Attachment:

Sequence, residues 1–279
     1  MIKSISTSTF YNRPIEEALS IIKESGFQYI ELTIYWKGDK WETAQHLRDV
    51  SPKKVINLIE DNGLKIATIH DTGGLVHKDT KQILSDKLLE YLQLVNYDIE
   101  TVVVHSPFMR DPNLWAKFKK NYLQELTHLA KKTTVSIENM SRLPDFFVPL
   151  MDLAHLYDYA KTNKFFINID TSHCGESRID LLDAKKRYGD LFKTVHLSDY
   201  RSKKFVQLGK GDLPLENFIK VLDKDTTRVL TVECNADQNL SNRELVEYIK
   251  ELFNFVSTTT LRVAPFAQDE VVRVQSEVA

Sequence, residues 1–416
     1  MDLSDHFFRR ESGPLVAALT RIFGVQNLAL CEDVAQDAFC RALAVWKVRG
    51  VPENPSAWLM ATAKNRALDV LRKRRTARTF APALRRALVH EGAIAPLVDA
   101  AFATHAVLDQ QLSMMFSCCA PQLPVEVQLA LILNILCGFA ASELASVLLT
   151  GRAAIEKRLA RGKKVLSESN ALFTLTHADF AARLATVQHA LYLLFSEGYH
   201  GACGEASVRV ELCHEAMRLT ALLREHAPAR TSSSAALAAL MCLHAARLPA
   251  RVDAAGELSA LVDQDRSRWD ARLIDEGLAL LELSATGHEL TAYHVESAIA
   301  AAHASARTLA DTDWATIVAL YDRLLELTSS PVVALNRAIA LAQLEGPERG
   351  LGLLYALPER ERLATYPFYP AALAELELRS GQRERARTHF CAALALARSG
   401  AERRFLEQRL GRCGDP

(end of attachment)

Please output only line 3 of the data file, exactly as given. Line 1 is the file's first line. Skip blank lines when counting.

    51  SPKKVINLIE DNGLKIATIH DTGGLVHKDT KQILSDKLLE YLQLVNYDIE